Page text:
A weak US Retail Sales reading and mixed start to the Q3 earnings season provide the backdrop for today’s session.
The weaker-than-expected Retail Sales report for September reconfirms what we saw from the non-farm payroll and ISM surveys. The takeaway from this recent data flow is that the US economy lost its growth mojo during the summer months, which means that the Fed’s monetary policy normalization process is an early 2016 event at the earliest. This delay in Fed lift-off is the primary reason why stocks have moved up lately, though a prolonged downshift in the US economic outlook makes it difficult to get excited about stocks, with or without Fed support.
See for example the all-around weakness in this morning’s Retail Sales reading, a proxy for US consumer spending, with not only the September numbers coming short of estimates but the prior month’s modest gains getting revised away. The part of this report that feeds directly into the government’s GDP calculation, called the ‘control group,’ also came short of estimates, which means that Q3 GDP growth estimates will be coming down further in the coming days. The Atlanta Fed’s real-time Q3 GDP growth estimate is currently tracking to +1%, which will likely go down following this Retail Sales report. The Retail Sales ‘control group’ excludes construction materials in addition to autos and gasoline.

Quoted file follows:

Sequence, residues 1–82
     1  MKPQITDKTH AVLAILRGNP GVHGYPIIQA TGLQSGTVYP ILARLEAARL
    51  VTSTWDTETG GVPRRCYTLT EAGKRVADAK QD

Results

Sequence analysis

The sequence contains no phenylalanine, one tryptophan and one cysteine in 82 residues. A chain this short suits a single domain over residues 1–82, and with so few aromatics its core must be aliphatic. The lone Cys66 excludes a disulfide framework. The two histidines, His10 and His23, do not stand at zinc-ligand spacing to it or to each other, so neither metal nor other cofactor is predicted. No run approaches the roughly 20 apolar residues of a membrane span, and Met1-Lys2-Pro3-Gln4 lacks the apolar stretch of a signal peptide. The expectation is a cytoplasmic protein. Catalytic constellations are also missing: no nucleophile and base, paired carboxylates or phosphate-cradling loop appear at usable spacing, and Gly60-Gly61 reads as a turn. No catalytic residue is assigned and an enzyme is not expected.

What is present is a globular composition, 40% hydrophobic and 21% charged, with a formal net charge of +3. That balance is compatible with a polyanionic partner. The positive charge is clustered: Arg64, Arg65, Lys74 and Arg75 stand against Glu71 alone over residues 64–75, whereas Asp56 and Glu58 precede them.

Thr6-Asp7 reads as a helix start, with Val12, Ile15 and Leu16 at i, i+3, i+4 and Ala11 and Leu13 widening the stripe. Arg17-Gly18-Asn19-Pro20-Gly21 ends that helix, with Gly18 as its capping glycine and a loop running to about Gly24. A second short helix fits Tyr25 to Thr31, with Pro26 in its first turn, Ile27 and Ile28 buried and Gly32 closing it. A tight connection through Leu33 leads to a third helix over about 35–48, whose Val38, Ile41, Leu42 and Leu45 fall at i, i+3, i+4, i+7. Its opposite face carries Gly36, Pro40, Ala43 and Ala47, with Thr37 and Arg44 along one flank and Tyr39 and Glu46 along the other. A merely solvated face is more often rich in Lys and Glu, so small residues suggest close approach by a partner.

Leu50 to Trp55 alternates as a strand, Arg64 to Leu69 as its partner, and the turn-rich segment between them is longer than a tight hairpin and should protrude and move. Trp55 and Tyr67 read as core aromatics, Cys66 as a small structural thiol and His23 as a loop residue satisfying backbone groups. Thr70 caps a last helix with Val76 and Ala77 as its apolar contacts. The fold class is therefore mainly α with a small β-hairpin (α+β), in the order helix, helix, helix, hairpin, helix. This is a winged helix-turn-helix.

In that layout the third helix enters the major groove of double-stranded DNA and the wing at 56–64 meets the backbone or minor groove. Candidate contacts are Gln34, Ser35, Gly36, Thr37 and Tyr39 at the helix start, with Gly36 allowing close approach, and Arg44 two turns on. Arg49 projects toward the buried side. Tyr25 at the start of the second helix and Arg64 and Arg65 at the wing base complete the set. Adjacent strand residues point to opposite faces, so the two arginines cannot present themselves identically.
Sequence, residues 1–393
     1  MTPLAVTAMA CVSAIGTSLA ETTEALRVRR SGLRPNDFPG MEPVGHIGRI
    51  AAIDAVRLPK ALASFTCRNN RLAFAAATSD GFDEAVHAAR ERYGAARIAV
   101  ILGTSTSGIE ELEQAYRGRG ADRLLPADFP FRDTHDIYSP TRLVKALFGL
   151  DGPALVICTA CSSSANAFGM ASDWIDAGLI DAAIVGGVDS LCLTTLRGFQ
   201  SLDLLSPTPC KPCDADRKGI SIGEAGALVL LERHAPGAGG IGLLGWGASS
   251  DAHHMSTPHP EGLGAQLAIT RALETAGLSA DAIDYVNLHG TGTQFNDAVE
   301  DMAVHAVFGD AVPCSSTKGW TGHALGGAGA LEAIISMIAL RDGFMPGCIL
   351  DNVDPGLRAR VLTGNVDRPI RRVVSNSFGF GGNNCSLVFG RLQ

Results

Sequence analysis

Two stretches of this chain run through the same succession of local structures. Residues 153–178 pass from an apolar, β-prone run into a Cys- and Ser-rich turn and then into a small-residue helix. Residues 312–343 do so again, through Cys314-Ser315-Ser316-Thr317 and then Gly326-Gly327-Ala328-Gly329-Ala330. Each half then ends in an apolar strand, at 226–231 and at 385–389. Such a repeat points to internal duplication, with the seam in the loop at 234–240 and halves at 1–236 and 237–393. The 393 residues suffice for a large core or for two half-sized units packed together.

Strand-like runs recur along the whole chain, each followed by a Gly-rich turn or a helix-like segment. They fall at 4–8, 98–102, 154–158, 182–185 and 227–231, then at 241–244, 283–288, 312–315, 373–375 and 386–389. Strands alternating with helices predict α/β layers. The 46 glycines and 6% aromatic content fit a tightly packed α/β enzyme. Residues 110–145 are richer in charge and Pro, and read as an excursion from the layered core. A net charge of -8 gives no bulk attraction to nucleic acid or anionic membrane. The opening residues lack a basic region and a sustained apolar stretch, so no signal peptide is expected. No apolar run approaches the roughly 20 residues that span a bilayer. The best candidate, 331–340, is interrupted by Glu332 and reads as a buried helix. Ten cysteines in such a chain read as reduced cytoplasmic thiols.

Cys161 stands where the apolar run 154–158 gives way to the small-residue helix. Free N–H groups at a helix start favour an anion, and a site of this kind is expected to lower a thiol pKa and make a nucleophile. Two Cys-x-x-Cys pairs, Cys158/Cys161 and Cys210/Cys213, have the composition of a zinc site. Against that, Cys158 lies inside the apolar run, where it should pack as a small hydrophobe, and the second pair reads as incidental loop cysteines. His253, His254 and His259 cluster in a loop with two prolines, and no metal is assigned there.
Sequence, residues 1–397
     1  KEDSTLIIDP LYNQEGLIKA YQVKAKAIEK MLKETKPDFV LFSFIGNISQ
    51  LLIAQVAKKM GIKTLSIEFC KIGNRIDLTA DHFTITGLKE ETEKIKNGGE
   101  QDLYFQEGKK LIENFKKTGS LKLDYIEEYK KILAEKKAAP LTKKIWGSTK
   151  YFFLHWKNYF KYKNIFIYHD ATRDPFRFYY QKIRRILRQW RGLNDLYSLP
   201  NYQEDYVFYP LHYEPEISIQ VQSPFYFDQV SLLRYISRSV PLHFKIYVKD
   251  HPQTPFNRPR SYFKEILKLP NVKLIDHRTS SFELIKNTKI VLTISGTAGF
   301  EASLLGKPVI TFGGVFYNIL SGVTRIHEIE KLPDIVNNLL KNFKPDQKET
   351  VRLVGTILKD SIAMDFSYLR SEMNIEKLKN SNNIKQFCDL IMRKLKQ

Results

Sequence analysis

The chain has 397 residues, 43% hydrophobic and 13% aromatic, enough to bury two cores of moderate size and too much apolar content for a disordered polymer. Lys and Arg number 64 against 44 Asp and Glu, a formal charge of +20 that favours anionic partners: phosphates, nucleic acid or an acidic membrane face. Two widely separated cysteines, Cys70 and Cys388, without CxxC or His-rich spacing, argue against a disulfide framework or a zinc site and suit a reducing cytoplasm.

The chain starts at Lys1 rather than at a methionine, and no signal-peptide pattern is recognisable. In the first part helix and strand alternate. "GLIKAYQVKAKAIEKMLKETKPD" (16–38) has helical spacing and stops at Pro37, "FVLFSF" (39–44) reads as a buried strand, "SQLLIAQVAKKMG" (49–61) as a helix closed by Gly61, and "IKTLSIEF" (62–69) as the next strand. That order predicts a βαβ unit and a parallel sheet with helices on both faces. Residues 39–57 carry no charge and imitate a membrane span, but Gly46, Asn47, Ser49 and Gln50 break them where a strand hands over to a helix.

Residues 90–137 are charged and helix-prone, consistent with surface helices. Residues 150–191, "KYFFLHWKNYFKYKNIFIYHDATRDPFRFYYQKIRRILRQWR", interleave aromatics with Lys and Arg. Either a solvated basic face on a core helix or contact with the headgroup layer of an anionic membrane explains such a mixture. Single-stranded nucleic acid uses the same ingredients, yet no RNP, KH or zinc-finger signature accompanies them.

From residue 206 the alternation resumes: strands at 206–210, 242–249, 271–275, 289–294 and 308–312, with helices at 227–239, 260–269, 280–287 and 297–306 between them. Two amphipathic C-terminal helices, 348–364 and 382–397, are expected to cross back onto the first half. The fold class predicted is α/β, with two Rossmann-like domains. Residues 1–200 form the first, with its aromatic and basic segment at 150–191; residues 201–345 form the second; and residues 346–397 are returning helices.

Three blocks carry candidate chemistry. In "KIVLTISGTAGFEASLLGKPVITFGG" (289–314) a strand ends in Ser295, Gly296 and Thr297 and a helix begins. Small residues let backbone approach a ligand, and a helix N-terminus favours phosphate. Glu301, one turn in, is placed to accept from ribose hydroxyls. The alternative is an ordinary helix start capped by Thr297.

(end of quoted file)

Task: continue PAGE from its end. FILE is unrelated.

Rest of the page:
On the earnings front, we have mixed results from the big banks, with J.P. Morgan (JPM) failing to impress with its results after the close on Tuesday while Wells Fargo (WFC) and Bank of America (BAC) this morning largely able to beat expectations. We know it was a tough period for these banks with modest gains in their core loan portfolios offset by soft capital markets activities in a backdrop of persistently low interest rates that has been keeping their net interest margins under pressure.
As a result, bank revenues are down, with cost cuts accounting for all of the bottom-line growth. Including results from these big banks, we now have Q3 results from 24.9% of the Finance sector’s total market cap in the S&P 500. Easy comparisons for Bank of America are skewing the growth numbers at this stage, but the overall earnings growth for the sector is flat on down revenues on an ex-BAC basis.